On March 28, 2011, FSOC published a notice of proposed rulemaking to provide further information on the process it proposed to follow when reviewing the systemic importance of FMUs. FSOC is considering using a two-stage process for evaluating FMUs prior to a vote on a proposed designation by the Council. The first stage would consist of a largely data-driven process to identify a preliminary set of FMUs whose failure or disruption could potentially threaten the stability of the U.S. financial system. In the second stage, FMUs so identified would be subject to a more in-depth review, with a greater focus on qualitative factors and FMU- and market-specific considerations. Under the proposal, the Council expects to use the statutory considerations as a base for assessing the systemic importance of FMUs.15 Application of this framework, however, would be adapted for the risks presented by a particular type of FMU and business model.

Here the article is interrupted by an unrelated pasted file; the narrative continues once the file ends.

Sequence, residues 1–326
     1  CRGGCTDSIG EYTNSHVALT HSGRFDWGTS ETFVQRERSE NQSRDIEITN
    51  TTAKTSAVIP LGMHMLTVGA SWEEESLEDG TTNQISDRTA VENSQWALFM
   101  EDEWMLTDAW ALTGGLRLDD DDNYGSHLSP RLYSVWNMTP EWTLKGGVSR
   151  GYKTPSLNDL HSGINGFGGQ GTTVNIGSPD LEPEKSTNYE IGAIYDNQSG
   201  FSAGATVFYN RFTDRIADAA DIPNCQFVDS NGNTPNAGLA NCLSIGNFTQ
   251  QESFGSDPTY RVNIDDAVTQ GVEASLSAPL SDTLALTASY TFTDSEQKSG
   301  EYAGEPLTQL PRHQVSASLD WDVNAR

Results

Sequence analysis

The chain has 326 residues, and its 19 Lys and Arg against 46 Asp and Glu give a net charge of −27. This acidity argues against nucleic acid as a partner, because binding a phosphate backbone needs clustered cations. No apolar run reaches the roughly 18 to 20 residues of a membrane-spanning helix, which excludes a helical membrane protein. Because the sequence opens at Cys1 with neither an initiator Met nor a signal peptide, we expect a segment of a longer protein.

Systemic Risk Assessment

In addition to initiating work on the identification of SIFIs and DFMUs, FSOC has established a Systemic Risk Committee that seeks to identify, highlight and review possible risks that could develop across the financial system. The Dodd-Frank Act also requires FSOC to report annually to Congress regarding these risks,16 and we expect the work of this committee will inform that report.

Other Activities

In addition to seeking to identify possible risks in the financial system, FSOC was required under Section 619(b) of the Dodd Frank Act to study and make recommendations on implementing the Act’s restrictions on proprietary trading, commonly referred to as the “Volcker rule,” to achieve certain goals enumerated in the statute, including:

  • to promote and enhance the safety and soundness of banking entities;

  • protect taxpayers and consumers; and